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Fairphone stepping up on fair lithium

Originally published at: Fairphone stepping up on fair lithium - Fairphone

Here at Fairphone we have joined and are members of several sustainable and ethical initiatives that address both social and environmental issues. From being B Corp certified to receiving a gold certification from Fairtrade, we always strive for excellence. More recently, we have become a member of IRMA (Initiative for Responsible Mining Assurance) to establish fair supply chains. This is just another way in which we inspire the industry to source fairer materials that can have a positive impact on people and the planet. It is a key step in our fair sourcing journey, particularly for lithium. Having completed the research and supply chain mapping and engaged with our suppliers, let us share our progress.

What is IRMA?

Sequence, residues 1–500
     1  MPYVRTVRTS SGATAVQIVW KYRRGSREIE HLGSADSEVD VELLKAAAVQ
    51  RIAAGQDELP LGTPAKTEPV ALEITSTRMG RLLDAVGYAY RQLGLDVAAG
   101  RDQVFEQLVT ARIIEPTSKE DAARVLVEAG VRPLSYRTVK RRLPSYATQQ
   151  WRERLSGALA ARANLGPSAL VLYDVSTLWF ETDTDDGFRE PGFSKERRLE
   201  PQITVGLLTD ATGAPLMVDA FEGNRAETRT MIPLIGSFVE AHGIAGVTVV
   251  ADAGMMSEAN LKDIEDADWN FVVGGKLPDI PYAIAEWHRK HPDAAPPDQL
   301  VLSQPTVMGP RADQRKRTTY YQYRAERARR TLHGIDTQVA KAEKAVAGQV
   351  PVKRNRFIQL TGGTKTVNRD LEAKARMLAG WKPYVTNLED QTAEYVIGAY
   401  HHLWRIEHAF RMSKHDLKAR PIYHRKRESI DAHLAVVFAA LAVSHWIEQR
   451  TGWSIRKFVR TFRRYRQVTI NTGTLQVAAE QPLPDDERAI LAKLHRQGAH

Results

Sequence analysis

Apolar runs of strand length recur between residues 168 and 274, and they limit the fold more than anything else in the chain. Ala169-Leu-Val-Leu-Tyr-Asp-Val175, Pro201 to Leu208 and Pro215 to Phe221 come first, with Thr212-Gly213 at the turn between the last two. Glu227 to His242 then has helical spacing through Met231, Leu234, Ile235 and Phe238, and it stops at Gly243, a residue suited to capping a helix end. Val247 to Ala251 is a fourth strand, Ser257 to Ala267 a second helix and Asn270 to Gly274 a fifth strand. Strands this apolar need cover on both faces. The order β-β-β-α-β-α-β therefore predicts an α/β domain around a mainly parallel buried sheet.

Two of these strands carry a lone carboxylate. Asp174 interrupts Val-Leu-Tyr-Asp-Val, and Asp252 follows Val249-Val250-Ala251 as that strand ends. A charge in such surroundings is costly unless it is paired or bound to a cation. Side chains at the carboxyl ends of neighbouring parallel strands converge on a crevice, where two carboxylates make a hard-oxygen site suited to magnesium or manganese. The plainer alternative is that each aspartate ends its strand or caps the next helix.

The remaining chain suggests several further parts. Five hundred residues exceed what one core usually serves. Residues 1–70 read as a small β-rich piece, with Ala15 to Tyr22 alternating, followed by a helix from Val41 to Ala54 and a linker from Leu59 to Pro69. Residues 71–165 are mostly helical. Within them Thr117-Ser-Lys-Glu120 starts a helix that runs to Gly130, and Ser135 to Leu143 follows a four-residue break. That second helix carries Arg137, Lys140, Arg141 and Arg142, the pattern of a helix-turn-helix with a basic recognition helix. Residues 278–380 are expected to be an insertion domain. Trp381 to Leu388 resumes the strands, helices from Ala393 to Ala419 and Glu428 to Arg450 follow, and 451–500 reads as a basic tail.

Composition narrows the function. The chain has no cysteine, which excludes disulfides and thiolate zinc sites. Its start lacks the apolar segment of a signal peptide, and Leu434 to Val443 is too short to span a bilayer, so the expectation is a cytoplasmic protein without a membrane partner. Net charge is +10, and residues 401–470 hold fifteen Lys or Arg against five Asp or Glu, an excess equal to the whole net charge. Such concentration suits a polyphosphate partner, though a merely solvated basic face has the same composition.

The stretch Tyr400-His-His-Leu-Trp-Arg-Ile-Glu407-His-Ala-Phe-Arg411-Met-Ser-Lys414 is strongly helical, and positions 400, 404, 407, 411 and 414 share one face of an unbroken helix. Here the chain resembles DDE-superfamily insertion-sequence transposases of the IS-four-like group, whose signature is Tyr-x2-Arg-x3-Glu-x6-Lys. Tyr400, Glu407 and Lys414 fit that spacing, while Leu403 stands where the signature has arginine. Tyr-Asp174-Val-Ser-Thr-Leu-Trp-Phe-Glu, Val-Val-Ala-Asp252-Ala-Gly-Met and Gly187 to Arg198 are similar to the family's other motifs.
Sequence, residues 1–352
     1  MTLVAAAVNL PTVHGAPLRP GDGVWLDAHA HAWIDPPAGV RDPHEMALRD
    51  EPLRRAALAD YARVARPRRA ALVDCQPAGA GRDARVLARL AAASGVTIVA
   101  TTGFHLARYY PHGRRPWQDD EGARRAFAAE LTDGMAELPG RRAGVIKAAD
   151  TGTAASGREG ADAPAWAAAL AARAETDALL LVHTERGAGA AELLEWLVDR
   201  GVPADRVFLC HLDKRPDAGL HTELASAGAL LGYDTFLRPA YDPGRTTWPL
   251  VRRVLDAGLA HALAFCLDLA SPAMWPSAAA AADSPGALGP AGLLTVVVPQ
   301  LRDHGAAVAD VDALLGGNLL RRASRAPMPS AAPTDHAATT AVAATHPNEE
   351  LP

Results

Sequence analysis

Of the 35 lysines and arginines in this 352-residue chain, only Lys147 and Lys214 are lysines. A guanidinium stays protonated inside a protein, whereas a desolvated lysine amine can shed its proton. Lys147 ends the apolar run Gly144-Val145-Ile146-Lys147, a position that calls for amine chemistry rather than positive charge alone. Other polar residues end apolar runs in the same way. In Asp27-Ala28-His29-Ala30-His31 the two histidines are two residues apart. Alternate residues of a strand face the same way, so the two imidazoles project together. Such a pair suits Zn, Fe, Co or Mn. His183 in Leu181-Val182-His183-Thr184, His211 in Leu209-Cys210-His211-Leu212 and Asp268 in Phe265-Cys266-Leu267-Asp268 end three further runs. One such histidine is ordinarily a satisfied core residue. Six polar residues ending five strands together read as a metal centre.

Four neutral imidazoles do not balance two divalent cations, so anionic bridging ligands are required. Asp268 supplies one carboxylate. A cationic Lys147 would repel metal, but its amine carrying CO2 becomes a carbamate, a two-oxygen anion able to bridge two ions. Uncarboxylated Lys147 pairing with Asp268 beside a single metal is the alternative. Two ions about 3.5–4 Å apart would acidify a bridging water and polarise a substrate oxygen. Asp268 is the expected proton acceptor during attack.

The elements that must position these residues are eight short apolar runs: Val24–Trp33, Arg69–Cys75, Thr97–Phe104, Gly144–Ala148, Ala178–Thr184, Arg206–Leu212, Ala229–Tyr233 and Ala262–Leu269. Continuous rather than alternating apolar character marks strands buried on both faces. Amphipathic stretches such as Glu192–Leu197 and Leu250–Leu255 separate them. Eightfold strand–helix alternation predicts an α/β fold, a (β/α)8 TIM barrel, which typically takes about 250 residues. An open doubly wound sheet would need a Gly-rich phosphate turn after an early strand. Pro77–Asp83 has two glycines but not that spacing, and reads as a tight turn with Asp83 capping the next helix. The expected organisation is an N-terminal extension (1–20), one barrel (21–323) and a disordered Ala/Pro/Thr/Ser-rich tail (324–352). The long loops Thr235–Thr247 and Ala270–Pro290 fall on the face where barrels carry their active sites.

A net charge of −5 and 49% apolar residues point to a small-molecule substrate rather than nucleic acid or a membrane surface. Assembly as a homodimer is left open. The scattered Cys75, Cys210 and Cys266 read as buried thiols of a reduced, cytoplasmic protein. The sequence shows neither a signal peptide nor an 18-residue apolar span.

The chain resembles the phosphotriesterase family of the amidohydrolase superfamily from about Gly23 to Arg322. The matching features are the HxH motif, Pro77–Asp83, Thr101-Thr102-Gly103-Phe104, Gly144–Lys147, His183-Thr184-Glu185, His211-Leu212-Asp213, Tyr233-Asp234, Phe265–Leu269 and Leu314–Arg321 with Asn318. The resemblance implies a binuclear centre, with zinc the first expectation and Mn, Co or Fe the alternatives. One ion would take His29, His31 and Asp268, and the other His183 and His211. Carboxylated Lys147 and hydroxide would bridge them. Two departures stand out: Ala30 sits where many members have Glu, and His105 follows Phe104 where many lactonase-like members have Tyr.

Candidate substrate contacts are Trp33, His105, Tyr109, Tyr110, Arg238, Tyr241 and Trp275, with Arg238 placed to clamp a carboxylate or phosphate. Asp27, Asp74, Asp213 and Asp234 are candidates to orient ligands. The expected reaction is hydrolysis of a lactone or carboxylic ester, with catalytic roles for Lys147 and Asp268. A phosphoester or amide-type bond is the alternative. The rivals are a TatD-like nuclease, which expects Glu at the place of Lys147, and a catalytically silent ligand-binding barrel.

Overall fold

IRMA is the Initiative for Responsible Mining Assurance and their vision is of a world where the mining industry respects human rights and aspirations of affected communities, provides safe, healthy and supportive workplaces, minimizes harm to the environment, and leaves positive legacies. With the increase of global demand for more responsible mining, IRMA offers a verification system for all mined materials, where the score is based on the social and environmental performance of mining sites.

More specifically, as a start, we are pushing for our supply chain to source lithium, which is used in our batteries, from mines that have been assessed through IRMA.

Lithium critical risks & opportunities for improvement

Lithium is one of our focus fair materials and its use, within the broader industry, is expected to grow exponentially in years to come. The first step of our journey was research: we assessed critical risks and opportunities for improvements in the Lithium supply chain to see where change can take place.

Lithium from the battery is rarely recovered or recycled, as its extraction is neither economically nor energy efficient. It is expensive to reclaim and in the end, very little is recovered, making lithium recycling virtually unheard of. As a result, it becomes just another disregarded material that ends up in the ever-growing global e-waste stream, adding to the pile of discarded electronic equipment. While ways to increase its recycling need to be explored.